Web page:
Writing to a serial port using SerialPorts.jl

Hello Everyone,

I was trying to write to a device (laser) using SerialPorts.jl however there seems to be some error in my code as the device does not respond to my commands.

I was able to wrtie to this device using MATLAB. I have attached an image of both MATLAB and Julia code for your reference.


laser = serial('COM6','BaudRate',9600,'DataBits',8,'Parity','none','FlowControl','none','StopBits',1);
fwrite(laser, [126 1 1 1 1]); 
pause(1/2) % set CW mode

Julia Code:

using SerialPorts

laser_port = "COM6"
ser = SerialPort(laser_port, laser_baudrate)

print("The port is available \n")
write(ser, [126 1 1 1 1])


I am a complete beginner in interfacing with serial ports, any help in understanding why passing the command ( [126 1 1 1 1] ) works in MATLAB but doesn’t in Julia.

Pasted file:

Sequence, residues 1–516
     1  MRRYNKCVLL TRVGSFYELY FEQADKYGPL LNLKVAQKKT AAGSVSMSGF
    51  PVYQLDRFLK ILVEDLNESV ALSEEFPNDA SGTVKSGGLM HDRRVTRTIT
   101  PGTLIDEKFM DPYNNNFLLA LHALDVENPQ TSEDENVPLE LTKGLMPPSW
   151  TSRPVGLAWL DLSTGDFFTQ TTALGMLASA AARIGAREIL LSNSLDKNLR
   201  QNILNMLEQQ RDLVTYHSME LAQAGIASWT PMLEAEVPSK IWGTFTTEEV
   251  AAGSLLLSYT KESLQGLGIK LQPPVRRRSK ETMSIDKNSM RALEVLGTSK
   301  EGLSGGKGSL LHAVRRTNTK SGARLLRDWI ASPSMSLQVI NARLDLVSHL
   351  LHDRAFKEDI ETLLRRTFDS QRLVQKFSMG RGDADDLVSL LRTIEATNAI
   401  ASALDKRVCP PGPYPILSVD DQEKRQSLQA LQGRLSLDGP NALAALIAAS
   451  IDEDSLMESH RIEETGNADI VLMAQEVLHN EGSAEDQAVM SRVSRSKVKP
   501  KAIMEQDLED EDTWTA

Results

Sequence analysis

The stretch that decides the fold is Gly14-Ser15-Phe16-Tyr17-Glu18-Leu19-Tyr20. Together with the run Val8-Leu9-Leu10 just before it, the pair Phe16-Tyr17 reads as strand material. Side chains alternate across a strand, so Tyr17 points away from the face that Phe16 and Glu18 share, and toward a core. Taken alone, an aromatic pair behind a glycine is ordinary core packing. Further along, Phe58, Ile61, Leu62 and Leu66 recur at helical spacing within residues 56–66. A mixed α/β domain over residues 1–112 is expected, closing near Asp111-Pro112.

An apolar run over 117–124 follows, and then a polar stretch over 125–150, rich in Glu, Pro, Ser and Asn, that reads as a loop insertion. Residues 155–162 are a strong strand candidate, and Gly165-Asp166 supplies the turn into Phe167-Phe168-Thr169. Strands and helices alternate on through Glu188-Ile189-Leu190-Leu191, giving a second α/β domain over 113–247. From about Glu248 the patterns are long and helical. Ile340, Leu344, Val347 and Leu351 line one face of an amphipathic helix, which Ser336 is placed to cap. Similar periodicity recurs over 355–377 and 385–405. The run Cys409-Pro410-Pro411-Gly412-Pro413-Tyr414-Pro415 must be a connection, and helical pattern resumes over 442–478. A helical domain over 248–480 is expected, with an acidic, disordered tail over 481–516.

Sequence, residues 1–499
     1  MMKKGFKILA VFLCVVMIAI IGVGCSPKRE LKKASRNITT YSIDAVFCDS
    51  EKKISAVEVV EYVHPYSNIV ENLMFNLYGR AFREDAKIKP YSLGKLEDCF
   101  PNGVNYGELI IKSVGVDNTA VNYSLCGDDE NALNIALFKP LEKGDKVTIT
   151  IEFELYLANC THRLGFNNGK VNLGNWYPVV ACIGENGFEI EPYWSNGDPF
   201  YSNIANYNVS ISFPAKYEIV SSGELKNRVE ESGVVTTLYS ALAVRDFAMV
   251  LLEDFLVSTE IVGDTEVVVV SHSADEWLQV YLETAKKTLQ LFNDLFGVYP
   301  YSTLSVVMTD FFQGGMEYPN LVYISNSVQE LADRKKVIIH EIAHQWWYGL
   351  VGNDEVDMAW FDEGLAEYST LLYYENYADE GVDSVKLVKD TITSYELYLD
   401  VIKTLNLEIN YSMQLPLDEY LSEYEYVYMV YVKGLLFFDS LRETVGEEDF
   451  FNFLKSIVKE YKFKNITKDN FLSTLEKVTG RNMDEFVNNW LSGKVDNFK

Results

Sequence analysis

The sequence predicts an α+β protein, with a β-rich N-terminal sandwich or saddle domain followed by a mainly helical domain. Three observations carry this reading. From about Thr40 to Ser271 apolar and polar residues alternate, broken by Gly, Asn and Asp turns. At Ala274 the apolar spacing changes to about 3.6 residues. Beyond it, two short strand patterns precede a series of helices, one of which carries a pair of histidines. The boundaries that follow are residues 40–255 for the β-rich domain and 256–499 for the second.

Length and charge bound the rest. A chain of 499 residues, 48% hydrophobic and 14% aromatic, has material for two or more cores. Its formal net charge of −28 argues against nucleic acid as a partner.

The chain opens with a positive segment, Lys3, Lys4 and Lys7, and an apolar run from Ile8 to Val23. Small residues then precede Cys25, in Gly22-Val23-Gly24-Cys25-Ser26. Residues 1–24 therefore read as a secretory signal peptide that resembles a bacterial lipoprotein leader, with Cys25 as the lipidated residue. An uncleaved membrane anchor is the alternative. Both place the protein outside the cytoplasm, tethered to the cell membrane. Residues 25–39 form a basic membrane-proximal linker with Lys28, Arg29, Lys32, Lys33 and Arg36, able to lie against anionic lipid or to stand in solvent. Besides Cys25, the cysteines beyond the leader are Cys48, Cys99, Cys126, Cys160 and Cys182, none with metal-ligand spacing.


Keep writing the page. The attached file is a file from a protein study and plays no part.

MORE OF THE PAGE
Any help would be appreciated. Thanks.

Edit: I would also like to mention I am using the RS232 communication protocol to communicate with the laser device.

1 Like

Try sending an actual byte array with write(ser, UInt8[126 1 1 1 1]) instead.

Thanks for the quick response @jebej.
Would you mind explaining, what’s the difference between sending the data as byte array using UInt8 and sending the array as it is?

The actual bytes you are sending differ. With [126 1 1 1 1], you are sending 5 64bit integers, whereas with UInt8[126 1 1 1 1] it’s 5 8bit integers. You can see the difference by “casting” the Int64 array to UInt8:

julia> reinterpret(UInt8, [126, 1, 1, 1, 1])
40-element reinterpret(UInt8, ::Vector{Int64}):

The vector of 5 64bit integers is equivalent to 40 bytes of data.

In Julia, types are more strict than in MATLAB and if you tell the function to write UInt64, it will do just that. MATLAB does this implicit conversion for you which is probably not super ideal, even if it might work in most cases.

Note that I would also recommend using 1D arrays, that is with commas: UInt8[126,1,1,1,1].


Thanks for that comprehensive answer, I was able to understand the difference!